America was birthed not just as a reaction to expensive tea, but as part of a more bedrock fight to preserve unfettered capitalism. As such, it should be expected that any notion to undermine this with socialist ideals would deeply offend even the most flimsily rooted patriots. As to not offend these types, welfare was initially pitched as “the opportunity to live in decency and dignity” by LBJ or even adherent to a more adequate “second Bill of Rights” by FDR. As a stale Democratic Party struggles to maintain their hold on an American public which increasingly views Revolutionary era capitalism as a decorative fantasy we are merely obligated to include in high school history textbooks, these niceties have been quickly abandoned. Just recently Democratic Senator Kamala Harris introduced $6,000 lump-sum checks to the poor and Democratic Senator Cory Booker flashed plumper $50,000 cash prizes to those who elect to prop up him and his regime. Our political discourse has reached a tipping point; politicians have ditched the previous sensitivity to blatantly bribe the remaining non-voting poor on the taxpayer’s dime. The politicians offer these bribes out in the open with their backs turned to those still expecting better acting on the American Playhouse stage. Disappointed as we may be as spectators, this new jump from our politicians erodes away a crucial truth about the relationship between Democracy and Capitalism.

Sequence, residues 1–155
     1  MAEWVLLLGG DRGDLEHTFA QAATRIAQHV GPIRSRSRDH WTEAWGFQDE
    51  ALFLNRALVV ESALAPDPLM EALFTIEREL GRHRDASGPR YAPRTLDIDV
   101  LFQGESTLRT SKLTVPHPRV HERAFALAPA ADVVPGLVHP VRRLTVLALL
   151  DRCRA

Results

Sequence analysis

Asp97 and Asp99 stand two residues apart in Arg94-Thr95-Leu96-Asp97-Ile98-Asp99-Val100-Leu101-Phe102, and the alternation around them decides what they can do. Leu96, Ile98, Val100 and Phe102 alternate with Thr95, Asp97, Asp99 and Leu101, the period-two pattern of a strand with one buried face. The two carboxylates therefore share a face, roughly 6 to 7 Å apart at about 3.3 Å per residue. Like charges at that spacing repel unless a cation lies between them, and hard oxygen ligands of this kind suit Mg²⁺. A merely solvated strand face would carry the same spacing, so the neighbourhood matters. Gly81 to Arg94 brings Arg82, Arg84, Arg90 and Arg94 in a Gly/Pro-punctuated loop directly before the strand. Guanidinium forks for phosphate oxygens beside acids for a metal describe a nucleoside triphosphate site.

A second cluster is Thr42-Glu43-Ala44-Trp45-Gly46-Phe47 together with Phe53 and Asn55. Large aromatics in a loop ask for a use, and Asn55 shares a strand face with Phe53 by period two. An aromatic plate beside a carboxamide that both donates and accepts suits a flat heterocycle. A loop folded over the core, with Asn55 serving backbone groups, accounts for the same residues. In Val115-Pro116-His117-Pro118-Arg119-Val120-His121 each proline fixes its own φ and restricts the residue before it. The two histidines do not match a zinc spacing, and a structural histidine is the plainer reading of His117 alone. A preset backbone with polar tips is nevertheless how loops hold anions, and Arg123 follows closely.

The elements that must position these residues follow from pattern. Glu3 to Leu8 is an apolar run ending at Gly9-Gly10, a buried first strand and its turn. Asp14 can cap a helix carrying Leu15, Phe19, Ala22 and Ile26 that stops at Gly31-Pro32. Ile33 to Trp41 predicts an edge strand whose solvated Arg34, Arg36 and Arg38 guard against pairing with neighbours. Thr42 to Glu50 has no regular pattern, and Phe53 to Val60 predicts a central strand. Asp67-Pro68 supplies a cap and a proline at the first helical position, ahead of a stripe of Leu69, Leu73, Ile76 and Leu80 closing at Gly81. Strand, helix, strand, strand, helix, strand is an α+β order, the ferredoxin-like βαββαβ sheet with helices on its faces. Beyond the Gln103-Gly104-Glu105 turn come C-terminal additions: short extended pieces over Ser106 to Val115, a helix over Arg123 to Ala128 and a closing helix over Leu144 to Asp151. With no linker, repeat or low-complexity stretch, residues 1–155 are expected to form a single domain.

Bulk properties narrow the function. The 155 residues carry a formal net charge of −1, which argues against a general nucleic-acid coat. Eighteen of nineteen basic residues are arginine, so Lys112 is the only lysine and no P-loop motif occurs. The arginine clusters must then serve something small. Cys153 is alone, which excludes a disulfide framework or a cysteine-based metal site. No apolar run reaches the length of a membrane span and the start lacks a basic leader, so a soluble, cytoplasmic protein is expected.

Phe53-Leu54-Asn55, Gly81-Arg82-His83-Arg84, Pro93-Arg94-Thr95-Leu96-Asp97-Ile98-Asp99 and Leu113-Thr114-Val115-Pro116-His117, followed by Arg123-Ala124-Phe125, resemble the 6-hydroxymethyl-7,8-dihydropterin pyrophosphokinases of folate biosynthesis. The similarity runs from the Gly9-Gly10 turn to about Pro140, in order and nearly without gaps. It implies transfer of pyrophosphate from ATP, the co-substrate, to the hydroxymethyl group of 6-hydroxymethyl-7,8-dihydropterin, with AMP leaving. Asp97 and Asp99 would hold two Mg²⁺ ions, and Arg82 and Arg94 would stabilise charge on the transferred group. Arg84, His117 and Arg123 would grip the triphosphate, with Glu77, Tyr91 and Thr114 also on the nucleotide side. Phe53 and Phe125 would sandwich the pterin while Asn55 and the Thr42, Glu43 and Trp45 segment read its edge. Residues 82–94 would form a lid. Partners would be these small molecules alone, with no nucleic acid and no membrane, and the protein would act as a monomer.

Seemingly out of a Bernie Sanders daydream, the Pareto principle describes a widely present phenomenon where a small section of a population controls a vast majority of a resource. More commonly this is called the 80/20 rule, and it can apply to anything from wealth to consumption of healthcare resources. Essentially, most people are more or less mediocre producers, and those who happen to be good producers are exponentially amazing producers (think the Bill Gates or Trumps of the world). Interestingly, this general distribution occurs in wealth-generating economies regardless of historical or geographical context. If Democracy is equally representative, the Pareto principle tells us it will advocate for the worst 80% of contributors to the economy in disregard to the exceptionally great top 20% of contributors. While the advocation for the lazy majority could be peaceful, it’s often too effective for politicians to resist energizing the lower class against the upper class to maximize voter turnout. Jealously is stirred up and the democratic mass easily swallows the narrative of a rigged playing field or even the scapegoating of unrelated everyday problems. So long as historically inevitable Pareto distributions continue to exist in society, then Democracy, if truly representative of the masses, will fundamentally serve to throttle the economy’s greatest producers and therefore the fuel of the economy itself.